Indian parents are paying to have their daughters turned into sons through sex-change operations that cost about 145,000 rupees ($3,200). Up to 300 girls have been surgically turned into boys in one city.
The procedure involves fashioning a penis from the little girls’ female organs. Afterwards they are injected with male hormones, which they will need to take throughout their lives. The procedure will leave these children impotent and infertile in adulthood. No sons or daughters for them.
The Madhya Pradesh government is investigating.
A Chrome app called Jailbreak the Patriarchy switches gendered words and makes for an eye-opening experience.
This app has inspired me to go a little further to see how the world looks when gender changes. So I’ve spiced it up by changing gendered names, etc., too.
“I Kissed A Boy (And I Liked It)” (male singer, of course)
I kissed a boy and I liked it,
the taste of his cherry chapstick.
I kissed a boy just to try it,
I hope my girlfriend don’t mind it.
It felt so wrong,
it felt so right.
Don’t mean I’m in love tonight.
I kissed a boy and I liked it.
Or how about this headline:
Look at the images below and then look at the faces. When does the feminine face turn masculine?
Now look at these images and then look the faces. Once again, when does the feminine face turn masculine?
You’d think that feminine things would make women look more womanly. And maybe they do in some contexts. But when researchers asked people to look at gendered objects like those above, and then judge how masculine or feminine each face appeared, the results were counter-intuitive.
Researchers found that people who looked at feminine objects thought the faces seemed more masculine, and vice versa when masculine objects appeared. Just like me.
The researchers say this happens as an “adaptation effect,” which Lisa Wade over at Sociological Images describes as,
a neurological phenomenon in which “looking at something for a long time makes you more likely to see its opposite” (source). For example if you look at a white screen after looking at a red one for a while, the white screen will appear green (red’s opposite). Or, if you look at lines moving right for a while and then look at static lines, they will appear to move left.
Apparently, our brains see both people and things as gendered — and those genders are “opposite.” But as Dr. Wade points out, “We are ‘opposite sexes,’ then, but only in our minds.”
Source: Sociological Images
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It is easier to program a child than a VCR. Only three steps. Easy, time-tested, ancient, a sure thing.
First, hurt the child. Hurt her a little, hurt her a lot, threaten to do more, things she can’t imagine. Since she couldn’t have imagined what you’ve already done, her own fear will now control her. She will blindfold and gag herself.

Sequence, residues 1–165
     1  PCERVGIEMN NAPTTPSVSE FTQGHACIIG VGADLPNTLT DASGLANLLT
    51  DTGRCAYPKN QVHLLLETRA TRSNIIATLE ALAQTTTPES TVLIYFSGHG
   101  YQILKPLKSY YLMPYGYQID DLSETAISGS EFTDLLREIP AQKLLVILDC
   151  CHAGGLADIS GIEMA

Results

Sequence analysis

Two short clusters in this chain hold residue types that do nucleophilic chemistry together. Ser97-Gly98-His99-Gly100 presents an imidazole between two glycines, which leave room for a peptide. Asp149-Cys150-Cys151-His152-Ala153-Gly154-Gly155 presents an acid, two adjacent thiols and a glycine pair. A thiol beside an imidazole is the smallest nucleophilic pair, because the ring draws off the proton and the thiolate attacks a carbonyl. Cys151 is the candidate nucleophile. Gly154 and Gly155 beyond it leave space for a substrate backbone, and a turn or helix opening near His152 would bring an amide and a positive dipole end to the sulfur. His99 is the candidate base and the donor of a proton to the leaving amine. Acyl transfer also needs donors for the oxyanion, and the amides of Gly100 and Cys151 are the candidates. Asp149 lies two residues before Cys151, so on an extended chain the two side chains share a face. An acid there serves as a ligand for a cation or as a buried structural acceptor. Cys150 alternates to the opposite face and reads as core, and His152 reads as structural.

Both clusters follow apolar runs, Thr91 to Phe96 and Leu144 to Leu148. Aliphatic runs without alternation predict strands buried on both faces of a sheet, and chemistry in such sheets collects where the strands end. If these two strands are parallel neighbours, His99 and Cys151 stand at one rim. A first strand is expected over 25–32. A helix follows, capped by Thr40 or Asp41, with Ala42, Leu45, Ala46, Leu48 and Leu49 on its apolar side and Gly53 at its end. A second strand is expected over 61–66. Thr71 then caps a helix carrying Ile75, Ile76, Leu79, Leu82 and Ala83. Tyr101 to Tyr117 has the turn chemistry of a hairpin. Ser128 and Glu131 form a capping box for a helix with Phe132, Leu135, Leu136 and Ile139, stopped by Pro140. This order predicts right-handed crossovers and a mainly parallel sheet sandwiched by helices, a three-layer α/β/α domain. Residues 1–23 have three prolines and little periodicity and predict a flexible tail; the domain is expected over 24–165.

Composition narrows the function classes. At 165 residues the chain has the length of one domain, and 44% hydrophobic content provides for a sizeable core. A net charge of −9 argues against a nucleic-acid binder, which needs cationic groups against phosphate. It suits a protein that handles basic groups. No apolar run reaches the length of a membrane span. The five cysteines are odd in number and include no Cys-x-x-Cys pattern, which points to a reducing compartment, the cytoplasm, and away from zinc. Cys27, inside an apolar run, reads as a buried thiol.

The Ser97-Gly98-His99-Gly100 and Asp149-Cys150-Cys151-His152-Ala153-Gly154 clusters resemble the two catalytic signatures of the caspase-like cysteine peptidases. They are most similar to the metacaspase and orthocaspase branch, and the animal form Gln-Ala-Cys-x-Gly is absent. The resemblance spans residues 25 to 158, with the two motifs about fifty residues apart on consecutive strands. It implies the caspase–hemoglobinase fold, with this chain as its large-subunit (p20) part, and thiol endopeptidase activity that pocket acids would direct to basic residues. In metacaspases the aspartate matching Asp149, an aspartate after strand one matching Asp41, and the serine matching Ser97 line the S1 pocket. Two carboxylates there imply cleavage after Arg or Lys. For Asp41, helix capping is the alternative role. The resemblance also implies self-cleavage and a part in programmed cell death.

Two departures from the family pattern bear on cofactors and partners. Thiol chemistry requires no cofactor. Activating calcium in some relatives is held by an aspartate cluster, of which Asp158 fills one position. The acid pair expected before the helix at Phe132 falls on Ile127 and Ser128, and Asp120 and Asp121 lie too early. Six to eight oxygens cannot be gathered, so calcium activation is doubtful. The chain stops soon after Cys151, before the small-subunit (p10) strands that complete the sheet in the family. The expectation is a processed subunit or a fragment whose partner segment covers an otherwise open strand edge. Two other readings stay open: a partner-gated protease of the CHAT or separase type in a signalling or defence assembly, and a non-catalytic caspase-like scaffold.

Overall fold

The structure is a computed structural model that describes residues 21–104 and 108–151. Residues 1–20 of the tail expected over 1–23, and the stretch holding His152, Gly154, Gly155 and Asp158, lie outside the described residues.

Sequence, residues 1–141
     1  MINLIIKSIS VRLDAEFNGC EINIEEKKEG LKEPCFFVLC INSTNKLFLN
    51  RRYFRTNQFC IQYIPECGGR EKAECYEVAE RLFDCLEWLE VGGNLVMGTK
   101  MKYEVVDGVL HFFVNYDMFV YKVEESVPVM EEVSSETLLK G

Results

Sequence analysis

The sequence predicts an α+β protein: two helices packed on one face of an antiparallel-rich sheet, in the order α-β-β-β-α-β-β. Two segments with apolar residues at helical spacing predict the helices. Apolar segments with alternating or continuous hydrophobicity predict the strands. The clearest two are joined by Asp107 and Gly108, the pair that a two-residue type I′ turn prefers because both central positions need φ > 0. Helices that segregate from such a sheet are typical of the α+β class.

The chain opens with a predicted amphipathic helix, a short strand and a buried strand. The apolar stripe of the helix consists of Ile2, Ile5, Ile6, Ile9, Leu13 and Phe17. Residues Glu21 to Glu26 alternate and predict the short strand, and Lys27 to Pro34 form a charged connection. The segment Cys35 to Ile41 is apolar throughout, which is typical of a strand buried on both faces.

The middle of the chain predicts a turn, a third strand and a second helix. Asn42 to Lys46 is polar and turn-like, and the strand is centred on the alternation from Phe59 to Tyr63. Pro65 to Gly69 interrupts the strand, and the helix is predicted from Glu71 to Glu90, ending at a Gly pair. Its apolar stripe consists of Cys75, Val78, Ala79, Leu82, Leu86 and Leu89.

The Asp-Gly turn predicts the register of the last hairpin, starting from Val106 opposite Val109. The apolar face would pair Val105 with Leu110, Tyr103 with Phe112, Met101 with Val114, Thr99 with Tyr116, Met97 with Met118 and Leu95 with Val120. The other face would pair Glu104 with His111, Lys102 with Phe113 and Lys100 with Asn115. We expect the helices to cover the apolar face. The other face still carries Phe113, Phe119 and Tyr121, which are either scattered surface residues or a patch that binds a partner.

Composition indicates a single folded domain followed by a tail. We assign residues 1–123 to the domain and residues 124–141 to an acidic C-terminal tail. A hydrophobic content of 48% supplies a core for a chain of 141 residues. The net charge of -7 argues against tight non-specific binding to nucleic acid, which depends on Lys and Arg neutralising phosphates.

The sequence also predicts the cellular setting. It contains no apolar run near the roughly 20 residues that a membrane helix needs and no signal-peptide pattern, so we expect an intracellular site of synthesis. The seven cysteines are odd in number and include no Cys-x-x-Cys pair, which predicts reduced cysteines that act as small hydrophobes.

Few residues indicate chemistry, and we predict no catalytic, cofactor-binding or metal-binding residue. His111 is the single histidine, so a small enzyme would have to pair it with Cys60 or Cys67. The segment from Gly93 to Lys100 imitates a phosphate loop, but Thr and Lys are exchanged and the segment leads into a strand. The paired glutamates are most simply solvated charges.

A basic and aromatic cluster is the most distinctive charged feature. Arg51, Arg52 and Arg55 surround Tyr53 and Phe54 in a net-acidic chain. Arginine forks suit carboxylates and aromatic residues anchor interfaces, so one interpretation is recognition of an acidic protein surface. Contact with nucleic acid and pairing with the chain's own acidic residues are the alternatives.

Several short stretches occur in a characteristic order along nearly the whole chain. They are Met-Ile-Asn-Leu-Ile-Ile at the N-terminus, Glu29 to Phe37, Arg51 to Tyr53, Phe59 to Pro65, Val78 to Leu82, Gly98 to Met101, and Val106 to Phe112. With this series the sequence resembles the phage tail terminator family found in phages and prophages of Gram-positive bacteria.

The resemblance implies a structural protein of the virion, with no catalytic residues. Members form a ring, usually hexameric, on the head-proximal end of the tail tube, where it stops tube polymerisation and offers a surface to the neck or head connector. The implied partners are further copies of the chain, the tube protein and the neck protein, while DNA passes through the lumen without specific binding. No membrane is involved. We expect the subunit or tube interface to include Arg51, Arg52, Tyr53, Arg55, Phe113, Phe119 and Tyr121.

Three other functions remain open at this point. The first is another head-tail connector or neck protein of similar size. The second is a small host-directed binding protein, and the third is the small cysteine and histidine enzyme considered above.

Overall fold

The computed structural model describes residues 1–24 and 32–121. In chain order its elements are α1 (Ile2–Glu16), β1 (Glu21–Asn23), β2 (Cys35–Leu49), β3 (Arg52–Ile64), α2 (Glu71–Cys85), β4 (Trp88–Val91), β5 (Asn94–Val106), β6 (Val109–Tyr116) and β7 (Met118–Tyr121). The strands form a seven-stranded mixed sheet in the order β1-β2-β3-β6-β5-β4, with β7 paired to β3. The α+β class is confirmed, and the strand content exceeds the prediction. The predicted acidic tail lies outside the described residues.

Those are the opening lines of a poem by Elliott Battzedek entitled, “His Favorite Gun is Me.” The poem is part of a new anthology called, Women Write Resistance.
Poetry resisting violence. Gendered violence: Battering, rape, incest, trans-violence.
Poetry as resistance may sound strange.
Yet poetry emerges from the unconscious, beyond conventional notions provided by the powerful, creating competing narratives.
That’s crucial since gender violence holds a “double-bind: keep silent or speak and be ashamed,” says scholar Cheryl Glenn.
When he held her by her ankles
upside down on the roof
like she was
a bird he was plucking
I wish he doesn’t drop me
I wish this hadn’t
the molesting, the threats, then
– to come –
when the girl came forward and said
he made me
and she, my mother said, me too,
they told her she was
a naughty girl who just wanted attention
– Lines from Shevaun Branigan’s, “Why My Mother is Afraid of Heights”
This poetry uses sass language: naming experience in personal terms, using language that is impolite, blunt, passionate or sarcastic. Sass uses natural speech and slang to resist the illusion of objectivity and refuses to take on a disembodied voice.
and long before you
forbade a ribbon for my hair
yelled when my contact slipped out in the pool
or kicked our toddler’s stuffed snow leopard across the room,
it was moonlight,
and you were handsome,
and we were in love,
and I was 19
and had sworn, after the trailer park of childhood,
never to let a man hit me.
I felt so proud of that rule I’d made up myself.
– Lines from, “Before You” by Joy Castro
Making it personal moves us beyond customary news coverage that is abstract, sometimes titillating, and that ignores the consequences of gender violence.
By creating and communicating new ways of seeing, this poetry provides the possibility of both personal and social transformation, as Audre Lorde would put it.
Part of that transformation is reflected in the anthology’s title. Lauren Madeline Wiseman, the editor, points out that we once had only the concept of victim. Now we see one-time victims transformed into survivors. But another dimension must be added: resister.
Here are a few of the poets busy writing resistance: Ellen Bass, Alicia Ostriker, Judy Grahn, Wendy Barker, Lisa Lewis, Maureen Seaton, Judith Vollmer, Lyn Fifhin, Alison Luterman, Frannie Lindsey, Linda McCarriston, Leslie Adrienne Miller, Jehanne Dubrow, Rebecca Foust, Allison Hedge Coke, and Hilda Raz, along with many others.
The resistance emerges in broken silences, disrupted narratives, being sassy, witnessing, harnessing anger and raising consciousness to connect the dots between the personal, the political and the societal: the place where resistance lives.
Poetry that urges us all to empowered resistance.